TeamGB and Women’s Football

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It’s hard not to get carried away during these Olympics. It seems that everywhere we turn we’re winning medals. Expected, unexpected.  Individuals and teams. All sorts of different sports.

However, the one sport that hasn’t captured the public’s imagination is football. Actually, I tell a lie. I really mean men’s football.

When the TeamGB men’s football team exited the competition on Saturday, it was met with barely a whimper from the general public. Some might say that was because Jess Ennis, Greg Rutherford and Mo Farah had us distracted with displays of sheer brilliance at the Olympic Stadium.

I’m unconvinced.

The Olympics is partly about watching a new sport or discipline; something you’d never considered watching before. Throughout the season men’s football is shown on TV in abundance. There is always a game on. The same can’t be said for the likes of Archery, Canoeing and Roman-Greco Wrestling.

In some ways that explains the success of the TeamGB women’s football team. The lack of coverage during the rest of the Olympiad contributed to a sense of freshness and excitement within the tournament that saw a record crowd at Wembley for a women’s football match.

When TeamGB exited the tournament, losing 2-0 to the Canadian’s, I felt a real sense of disappointment for our players who had conducted themselves without the pretention of their male counterparts.

I wanted the women’s team to win and couldn’t care less about the men’s team. Many felt the same and saw this a welcome development for the women’s football.

I can’t help feeling that there is a paradox within all of this though.

The reason I enjoyed watching the TeamGB women’s team was because of the freshness that comes from not having watched women’s football for a number of years, primarily due to the lack of coverage it is given.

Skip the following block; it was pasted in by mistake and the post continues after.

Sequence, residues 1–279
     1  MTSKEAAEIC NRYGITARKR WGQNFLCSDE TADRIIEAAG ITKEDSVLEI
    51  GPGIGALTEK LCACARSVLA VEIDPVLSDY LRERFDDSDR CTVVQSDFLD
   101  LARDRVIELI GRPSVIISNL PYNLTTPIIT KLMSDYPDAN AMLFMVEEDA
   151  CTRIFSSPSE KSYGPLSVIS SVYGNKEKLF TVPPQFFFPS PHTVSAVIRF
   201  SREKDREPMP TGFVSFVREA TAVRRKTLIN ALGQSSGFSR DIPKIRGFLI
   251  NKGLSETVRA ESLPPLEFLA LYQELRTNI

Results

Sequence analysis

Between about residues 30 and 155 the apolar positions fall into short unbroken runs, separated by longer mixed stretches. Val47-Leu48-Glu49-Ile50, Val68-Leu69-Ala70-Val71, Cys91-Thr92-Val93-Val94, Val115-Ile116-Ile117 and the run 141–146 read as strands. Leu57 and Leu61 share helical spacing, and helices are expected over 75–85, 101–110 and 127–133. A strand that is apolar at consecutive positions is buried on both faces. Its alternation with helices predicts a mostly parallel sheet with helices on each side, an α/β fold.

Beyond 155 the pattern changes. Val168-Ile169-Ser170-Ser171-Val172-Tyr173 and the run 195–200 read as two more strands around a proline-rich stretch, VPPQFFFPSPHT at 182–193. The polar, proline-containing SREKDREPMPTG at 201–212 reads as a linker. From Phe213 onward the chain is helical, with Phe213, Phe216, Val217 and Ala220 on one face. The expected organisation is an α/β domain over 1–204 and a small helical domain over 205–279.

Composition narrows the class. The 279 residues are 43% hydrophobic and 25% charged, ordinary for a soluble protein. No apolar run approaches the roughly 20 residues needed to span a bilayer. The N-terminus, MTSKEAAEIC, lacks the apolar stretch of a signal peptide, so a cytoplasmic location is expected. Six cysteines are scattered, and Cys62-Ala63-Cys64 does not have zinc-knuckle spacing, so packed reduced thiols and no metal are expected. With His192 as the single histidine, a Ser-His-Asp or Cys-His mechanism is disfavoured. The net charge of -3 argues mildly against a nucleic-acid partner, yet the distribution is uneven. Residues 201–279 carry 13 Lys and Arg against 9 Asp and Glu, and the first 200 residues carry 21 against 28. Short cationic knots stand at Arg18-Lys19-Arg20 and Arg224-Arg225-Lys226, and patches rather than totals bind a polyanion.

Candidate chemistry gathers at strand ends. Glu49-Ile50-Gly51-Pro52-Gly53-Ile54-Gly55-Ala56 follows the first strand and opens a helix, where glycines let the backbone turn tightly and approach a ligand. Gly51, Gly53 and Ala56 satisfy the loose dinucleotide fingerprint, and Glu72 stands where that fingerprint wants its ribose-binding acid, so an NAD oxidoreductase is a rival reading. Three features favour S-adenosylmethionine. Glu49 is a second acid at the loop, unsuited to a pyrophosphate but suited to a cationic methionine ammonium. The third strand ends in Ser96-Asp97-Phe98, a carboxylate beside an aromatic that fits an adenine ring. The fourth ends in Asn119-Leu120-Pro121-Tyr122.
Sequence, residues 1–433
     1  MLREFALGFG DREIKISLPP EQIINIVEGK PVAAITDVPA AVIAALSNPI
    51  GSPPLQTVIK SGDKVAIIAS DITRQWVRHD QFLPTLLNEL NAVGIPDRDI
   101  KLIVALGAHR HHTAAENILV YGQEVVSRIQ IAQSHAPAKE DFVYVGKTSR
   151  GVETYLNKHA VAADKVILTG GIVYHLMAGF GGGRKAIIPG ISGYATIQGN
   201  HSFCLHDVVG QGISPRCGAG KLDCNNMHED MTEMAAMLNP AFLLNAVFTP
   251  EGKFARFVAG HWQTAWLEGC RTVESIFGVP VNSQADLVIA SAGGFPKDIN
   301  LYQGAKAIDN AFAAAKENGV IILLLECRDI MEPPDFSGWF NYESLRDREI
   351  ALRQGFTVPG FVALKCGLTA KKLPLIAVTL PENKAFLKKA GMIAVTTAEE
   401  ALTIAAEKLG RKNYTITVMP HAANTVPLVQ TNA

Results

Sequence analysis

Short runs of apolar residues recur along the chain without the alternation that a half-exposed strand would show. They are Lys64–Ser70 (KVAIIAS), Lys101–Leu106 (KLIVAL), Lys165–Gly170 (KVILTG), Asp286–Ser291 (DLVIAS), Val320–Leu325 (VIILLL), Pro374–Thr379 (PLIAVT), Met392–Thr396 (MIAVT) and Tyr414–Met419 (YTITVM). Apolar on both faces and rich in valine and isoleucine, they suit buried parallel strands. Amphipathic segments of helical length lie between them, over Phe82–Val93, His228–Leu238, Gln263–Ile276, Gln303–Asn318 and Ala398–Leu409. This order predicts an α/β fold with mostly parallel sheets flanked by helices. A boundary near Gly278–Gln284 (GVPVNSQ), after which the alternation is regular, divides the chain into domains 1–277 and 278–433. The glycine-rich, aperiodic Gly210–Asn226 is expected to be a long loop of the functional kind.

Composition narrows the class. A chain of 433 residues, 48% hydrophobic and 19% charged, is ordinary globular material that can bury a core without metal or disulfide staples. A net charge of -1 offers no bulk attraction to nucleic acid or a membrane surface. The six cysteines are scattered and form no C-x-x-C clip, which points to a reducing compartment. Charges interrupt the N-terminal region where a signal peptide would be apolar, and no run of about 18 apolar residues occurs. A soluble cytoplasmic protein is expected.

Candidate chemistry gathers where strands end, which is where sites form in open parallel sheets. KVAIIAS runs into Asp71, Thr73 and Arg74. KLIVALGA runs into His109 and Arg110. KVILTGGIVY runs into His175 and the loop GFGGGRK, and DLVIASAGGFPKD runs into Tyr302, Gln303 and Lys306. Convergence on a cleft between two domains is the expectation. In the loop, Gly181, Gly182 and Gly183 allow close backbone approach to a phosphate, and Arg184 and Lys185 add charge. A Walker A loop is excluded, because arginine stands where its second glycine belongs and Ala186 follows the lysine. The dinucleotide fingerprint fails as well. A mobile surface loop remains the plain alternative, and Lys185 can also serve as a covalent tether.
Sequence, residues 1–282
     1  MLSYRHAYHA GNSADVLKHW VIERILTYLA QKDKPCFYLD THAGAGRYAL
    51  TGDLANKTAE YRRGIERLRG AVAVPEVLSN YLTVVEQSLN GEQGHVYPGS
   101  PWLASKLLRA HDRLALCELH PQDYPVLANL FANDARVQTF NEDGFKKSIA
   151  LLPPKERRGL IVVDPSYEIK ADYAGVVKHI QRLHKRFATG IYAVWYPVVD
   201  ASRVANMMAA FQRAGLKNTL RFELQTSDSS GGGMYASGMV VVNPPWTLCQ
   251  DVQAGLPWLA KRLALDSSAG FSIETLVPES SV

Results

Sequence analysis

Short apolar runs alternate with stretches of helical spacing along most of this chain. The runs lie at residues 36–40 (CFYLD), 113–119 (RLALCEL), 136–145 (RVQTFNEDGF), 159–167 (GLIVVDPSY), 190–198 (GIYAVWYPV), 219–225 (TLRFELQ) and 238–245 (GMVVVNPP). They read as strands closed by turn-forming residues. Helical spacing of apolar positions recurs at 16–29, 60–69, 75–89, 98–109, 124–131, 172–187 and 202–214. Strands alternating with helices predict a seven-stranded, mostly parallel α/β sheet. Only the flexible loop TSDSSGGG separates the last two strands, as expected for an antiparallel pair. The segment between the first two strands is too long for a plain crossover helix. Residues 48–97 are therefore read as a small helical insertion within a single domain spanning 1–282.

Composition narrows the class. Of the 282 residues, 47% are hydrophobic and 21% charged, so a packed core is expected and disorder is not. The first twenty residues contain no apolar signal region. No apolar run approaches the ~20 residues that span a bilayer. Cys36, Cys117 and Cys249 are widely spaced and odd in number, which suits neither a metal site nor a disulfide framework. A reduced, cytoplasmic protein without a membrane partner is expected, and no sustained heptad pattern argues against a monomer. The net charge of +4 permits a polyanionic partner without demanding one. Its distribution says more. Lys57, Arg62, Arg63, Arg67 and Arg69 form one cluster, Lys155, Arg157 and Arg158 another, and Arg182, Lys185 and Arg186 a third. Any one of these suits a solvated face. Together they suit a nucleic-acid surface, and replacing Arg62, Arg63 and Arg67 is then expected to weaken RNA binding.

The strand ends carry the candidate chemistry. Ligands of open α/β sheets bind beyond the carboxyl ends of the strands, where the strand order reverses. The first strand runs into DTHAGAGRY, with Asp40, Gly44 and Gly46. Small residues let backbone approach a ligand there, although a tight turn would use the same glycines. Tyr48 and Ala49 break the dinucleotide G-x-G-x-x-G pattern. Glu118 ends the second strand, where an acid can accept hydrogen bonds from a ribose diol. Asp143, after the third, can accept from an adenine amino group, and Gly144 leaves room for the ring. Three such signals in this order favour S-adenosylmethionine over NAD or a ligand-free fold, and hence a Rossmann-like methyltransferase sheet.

However, it is the chronic lack of coverage and investment within the women’s game that has capped its development and prevented further progression for female football players.

It is perfectly clear that the women’s game deserves better. Whilst the FA has made progress with the introduction of Player Development Centres for female players and the training of thousands of new female coaches, more needs to be done.

Quite what that is yet, I don’t know but targeted investment to double the number of female coaches would be a start. Good coaches can inspire people to take up sport and more inspirational female coaches like Hope Powell could only strengthen the women’s game at the grassroots level.

With this investment comes challenges though. The biggest of which, is how to avoid diluting the spirit engendered by TeamGB’s Women’s team, so sorely lacking with our men’s team? How can women’s football be developed in such away as to maintain its freshness whilst making it viable for women to have successful careers in the game? Do we envisage a sustainable and prosperous future for the women’s game in this country or just once every four year enthusiasm for the team at an Olympic games. Those are the key questions the FA have to address.

And now that the momentum is there, they should make a start now.

By Oliver Deed, Chipping Barnet CLP

P.S. I will be rectifying my lack of attendence at women’s football by making the effort to watch the brilliant Barnet FC Ladies play next season. Why not find your local women’s team and go along to a couple of games?


One thought on “TeamGB and Women’s Football

    labourfootball responded:
    March 30, 2013 at 1:52 pm

    Labour Friends of Football wants to help promote women’s football, and wants to include women in its 5-a-side tournaments. We have a plan for those tournaments – get in touch if you want to help organise, or to play!

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